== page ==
I've given up trying to get the birds to sleep on the roosts at night. Each evening brings what my husband calls the "cluck shuffle" as they figure out where they want to sleep in the coop. Others have birds that pick their sleeping place and keep rather consistent. Mine.. don't. Ever. Alliances alter everyday, pecking order redefined. Last night's second stringer is tonight's upper roost dweller. Then.. there are the non-conformists that have taken to the nest boxes. The nestboxes are 15 inches cubed.. rather roomy. For 1 it is spacious, for 2 it is comfortable, 3 makes it a bit cozy.. but these knuckleheads have managed to squish 5 into the prime top 2 boxes that I have dubbed Boardwalk and Park Place. 

 Guineas sparring do something called "necking".. and if you've ever caught the "Gladiators" tv show long ago.. the part where the contestant faces off a "gladiator".. on a balancing beam, armed with what looks like industrial sized Qtips .. you have a good idea what necking looks like. A bit Rock 'em Sock 'em robots.. but with giraffes. They apply these skills each night on the chickens they deem are in their sleeping spot. Kate, the white male guinea, is particularly adept at up-ending usurping sleep spotters. Sticking his head and neck out under the tail area of said chicken, a quick nudge upwards and the problem is now fluttering about in the shavings below. A lateral game of "king of the mountain".. and true to current day contests.. no actual winner.

 There's a group of barred rocks that tend to sort of stick together. I can really only make out a few of the who's who by their coloring. I refer to them as the BUB's.. Bottoms Up Bunch. They can be found at any point, fluffy side up as they hunt for anything edible. The BUB's have taken to a new approach on things, therefore have deconstructed the compost pile. Much like their "pen".. this is now a "suggested compost area" that they gleefully fluff up and relocate daily. They are a busy lot and always on the move. I get stuck raking the lawn every time it gets mowed.. with guineas voicing their displeasure over the metal rake (to which I agree.. raking sucks!) and by the time I get done making piles, the BUB's have scattered the piles apart. 

 I should have known better. You know how things go when you have a huge list of things that need to get done today.. and yet not enough time to do it all.. so you multitask. I was in full blown multitask mode. I hoped straw in the nest boxes would make them less roomy. Maybe convince a few non-conformists to rethink their stance... maybe drop a few pegs.  At my 5'7" height, Boardwalk and Park Place are a challenge to clean out without a rain poncho. Wheelbarrow full, I was unloading in the suggested composting area when I heard the dog, who was moments ago sleeping by the coop, bark and then race off. (The dog hangs with the birds and will sneak out of the fenced backyard to sun himself near the coop. We think he dug a hole out somewhere in the raspberry patch..) I ran to check.. and he had a cat cornered in the mulberry tree. These feral barn cats are the biggest predators of chickens around here, hawks a distant second. I called the dog back, he ignored me until I used the magic I-mean-it phrase that overrides his rottweiler selective hearing... "Want a cookie?"  This distraction gave the BUB's just enough time to explode the bale of straw all around the coop. Butts up and fancy free they were having a ball scratching and kicking straw everywhere. The tractor gone.. the others wandered out from under the coop and joined the fray.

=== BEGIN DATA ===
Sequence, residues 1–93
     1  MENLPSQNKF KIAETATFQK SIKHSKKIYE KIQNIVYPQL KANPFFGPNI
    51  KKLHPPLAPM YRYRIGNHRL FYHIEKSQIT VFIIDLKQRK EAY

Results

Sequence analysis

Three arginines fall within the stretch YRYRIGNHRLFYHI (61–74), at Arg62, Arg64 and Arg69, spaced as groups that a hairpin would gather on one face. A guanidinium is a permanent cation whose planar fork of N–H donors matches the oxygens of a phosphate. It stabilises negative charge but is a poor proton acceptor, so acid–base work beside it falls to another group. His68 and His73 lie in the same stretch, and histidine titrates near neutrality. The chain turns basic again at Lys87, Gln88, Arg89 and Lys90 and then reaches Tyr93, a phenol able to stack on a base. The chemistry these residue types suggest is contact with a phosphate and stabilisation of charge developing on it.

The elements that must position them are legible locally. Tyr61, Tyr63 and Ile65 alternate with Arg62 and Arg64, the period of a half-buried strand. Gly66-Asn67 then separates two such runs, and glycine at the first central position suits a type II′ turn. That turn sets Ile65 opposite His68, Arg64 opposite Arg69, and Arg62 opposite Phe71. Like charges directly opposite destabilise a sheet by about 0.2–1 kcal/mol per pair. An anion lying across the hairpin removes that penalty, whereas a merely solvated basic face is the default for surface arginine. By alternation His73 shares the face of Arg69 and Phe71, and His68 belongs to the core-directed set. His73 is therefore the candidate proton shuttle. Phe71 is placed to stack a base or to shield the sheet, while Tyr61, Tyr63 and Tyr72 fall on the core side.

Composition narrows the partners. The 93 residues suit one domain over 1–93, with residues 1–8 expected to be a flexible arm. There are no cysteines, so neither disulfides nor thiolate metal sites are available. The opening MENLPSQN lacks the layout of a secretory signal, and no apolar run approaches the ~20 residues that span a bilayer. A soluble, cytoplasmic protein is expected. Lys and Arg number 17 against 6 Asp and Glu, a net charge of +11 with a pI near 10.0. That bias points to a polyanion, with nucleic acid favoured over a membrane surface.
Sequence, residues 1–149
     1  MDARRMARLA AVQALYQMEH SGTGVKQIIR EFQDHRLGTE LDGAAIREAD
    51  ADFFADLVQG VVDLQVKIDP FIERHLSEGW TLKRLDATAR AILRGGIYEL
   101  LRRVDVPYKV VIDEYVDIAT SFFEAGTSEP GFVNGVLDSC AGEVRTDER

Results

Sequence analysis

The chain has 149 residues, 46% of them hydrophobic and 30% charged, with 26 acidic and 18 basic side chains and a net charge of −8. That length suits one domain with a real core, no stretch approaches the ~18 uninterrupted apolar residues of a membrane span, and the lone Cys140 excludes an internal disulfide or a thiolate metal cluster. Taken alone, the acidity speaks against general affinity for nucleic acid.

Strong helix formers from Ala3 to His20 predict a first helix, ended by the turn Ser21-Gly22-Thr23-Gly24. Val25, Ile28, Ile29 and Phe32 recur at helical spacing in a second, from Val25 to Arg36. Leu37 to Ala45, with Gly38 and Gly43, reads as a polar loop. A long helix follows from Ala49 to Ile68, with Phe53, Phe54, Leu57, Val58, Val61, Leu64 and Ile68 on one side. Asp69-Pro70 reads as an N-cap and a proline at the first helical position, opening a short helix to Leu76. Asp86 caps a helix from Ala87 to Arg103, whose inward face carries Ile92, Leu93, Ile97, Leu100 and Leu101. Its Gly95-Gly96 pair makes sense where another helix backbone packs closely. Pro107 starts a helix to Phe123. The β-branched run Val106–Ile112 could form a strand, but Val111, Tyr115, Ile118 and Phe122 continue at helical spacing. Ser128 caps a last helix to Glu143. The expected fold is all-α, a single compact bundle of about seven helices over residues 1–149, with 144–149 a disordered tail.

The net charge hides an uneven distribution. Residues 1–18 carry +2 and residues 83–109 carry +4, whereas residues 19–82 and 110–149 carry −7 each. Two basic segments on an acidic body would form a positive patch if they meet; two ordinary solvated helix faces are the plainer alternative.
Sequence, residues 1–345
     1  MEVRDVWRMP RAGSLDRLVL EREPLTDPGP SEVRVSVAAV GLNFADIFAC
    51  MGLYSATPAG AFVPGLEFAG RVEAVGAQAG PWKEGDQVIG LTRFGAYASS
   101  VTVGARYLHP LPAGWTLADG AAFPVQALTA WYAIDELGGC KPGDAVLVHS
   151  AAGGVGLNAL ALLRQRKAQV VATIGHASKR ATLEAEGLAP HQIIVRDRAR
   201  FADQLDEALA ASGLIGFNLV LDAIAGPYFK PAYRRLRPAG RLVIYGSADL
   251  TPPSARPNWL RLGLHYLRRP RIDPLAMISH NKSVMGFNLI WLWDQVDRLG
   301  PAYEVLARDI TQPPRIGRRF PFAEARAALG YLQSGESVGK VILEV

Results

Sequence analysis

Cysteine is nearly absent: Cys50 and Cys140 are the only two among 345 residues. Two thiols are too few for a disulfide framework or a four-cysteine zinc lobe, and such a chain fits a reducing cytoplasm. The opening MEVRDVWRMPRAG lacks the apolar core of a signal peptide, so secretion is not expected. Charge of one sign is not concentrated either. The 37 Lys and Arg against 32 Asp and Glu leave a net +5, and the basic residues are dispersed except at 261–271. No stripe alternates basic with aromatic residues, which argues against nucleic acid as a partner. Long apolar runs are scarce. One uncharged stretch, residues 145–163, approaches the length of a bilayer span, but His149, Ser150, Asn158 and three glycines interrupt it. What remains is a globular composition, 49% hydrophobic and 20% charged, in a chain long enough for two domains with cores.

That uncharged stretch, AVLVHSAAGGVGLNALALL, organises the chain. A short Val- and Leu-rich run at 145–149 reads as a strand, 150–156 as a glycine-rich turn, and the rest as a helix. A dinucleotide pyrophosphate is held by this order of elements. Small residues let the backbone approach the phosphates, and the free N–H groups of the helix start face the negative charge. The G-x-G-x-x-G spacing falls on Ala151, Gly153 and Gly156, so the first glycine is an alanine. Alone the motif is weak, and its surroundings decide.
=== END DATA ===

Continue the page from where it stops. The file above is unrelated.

Standard day I guess. Almost get 1 thing done and 2 more things get on the list. Crossed off my bucket list is adding fodder to some potentially interesting small town gossip.

 Courtesy of the guineas.

 Almost every morning I make oatmeal (right now cinnamon apple oatmeal), scrambled eggs with chives.. toast. Nothing too exciting (unless you are a chicken.. they go insane for oatmeal leftovers.) Simple pre-coffee question.. "hon, have you seen the scissors? I need to cut chives."

 "You are so like your mother."

 Ok.. to any guys reading this...in general, that phrase is a one way ticket to Lonelytown. My husband and I are pretty snarky in the sense of humor department, a quality we both adore in the other. That sentence is the death knell to your sex life.. or rather the interlude to a series of leaps through flaming hoops of fire before you even think you are getting out of hot water. Just a heads up there.

 We were joking as always. Hence I told him to start looking for a girlfriend.. and he quipped "Don't threaten me with a good time."

 I grabbed the closest thing to fend off the cold.. which was a thick fluffy pink bathrobe, safety scissors from the craft drawer and braved the elements fearlessly. I was looking gorgeous. Rocking a hairstyle that screamed... "Yes.. I went to bed with wet hair!" part CarrotTop part "Kate plus 8" meets flobee.. camoflage colored clogs.. I was owning the mid-life crisis hangover look.. less the hangover.